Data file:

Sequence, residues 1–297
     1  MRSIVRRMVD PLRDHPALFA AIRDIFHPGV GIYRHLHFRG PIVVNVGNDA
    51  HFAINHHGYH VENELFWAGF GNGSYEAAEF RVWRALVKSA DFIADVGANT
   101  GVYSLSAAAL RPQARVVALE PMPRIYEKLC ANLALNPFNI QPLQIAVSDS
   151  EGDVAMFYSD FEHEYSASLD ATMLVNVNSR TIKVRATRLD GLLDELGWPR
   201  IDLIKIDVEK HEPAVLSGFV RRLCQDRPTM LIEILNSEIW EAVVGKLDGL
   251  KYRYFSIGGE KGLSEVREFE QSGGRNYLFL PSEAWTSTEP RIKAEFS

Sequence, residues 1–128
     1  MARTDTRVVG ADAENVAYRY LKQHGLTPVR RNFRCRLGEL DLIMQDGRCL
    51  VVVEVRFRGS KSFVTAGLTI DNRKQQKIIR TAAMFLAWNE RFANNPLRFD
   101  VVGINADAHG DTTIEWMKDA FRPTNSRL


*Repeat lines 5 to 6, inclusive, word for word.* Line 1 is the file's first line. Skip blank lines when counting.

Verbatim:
   151  EGDVAMFYSD FEHEYSASLD ATMLVNVNSR TIKVRATRLD GLLDELGWPR
   201  IDLIKIDVEK HEPAVLSGFV RRLCQDRPTM LIEILNSEIW EAVVGKLDGL